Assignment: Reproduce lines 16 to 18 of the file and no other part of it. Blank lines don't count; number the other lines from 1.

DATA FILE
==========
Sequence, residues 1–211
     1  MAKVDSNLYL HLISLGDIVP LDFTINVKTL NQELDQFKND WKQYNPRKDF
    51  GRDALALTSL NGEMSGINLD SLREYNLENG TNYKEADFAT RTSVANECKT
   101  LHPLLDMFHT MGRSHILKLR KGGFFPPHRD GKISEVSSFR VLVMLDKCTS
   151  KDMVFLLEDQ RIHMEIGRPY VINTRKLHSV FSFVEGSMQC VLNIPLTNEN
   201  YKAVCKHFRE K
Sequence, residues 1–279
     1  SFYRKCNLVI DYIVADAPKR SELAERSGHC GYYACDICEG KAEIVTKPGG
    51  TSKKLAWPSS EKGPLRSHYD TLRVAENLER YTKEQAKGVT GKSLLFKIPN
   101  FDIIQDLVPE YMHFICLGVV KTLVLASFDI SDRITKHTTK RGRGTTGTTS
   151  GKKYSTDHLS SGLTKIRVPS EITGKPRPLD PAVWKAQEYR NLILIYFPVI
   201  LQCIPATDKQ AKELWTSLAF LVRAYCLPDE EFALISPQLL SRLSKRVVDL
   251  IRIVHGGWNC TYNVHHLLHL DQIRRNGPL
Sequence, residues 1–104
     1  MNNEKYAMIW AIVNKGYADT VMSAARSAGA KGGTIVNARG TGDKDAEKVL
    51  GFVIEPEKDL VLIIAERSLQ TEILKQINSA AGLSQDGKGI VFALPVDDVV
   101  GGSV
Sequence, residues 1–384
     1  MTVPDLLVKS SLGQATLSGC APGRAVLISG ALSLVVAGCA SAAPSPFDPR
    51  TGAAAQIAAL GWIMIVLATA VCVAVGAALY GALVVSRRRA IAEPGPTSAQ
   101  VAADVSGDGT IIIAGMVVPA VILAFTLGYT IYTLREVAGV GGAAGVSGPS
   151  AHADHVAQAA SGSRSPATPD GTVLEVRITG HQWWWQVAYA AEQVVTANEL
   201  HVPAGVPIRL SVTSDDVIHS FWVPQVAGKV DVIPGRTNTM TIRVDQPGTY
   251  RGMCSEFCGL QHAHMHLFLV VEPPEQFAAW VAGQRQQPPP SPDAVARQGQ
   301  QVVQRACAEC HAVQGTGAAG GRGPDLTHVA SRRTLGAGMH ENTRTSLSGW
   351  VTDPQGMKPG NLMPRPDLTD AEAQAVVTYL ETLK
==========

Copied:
    51  GFVIEPEKDL VLIIAERSLQ TEILKQINSA AGLSQDGKGI VFALPVDDVV
   101  GGSV
Sequence, residues 1–384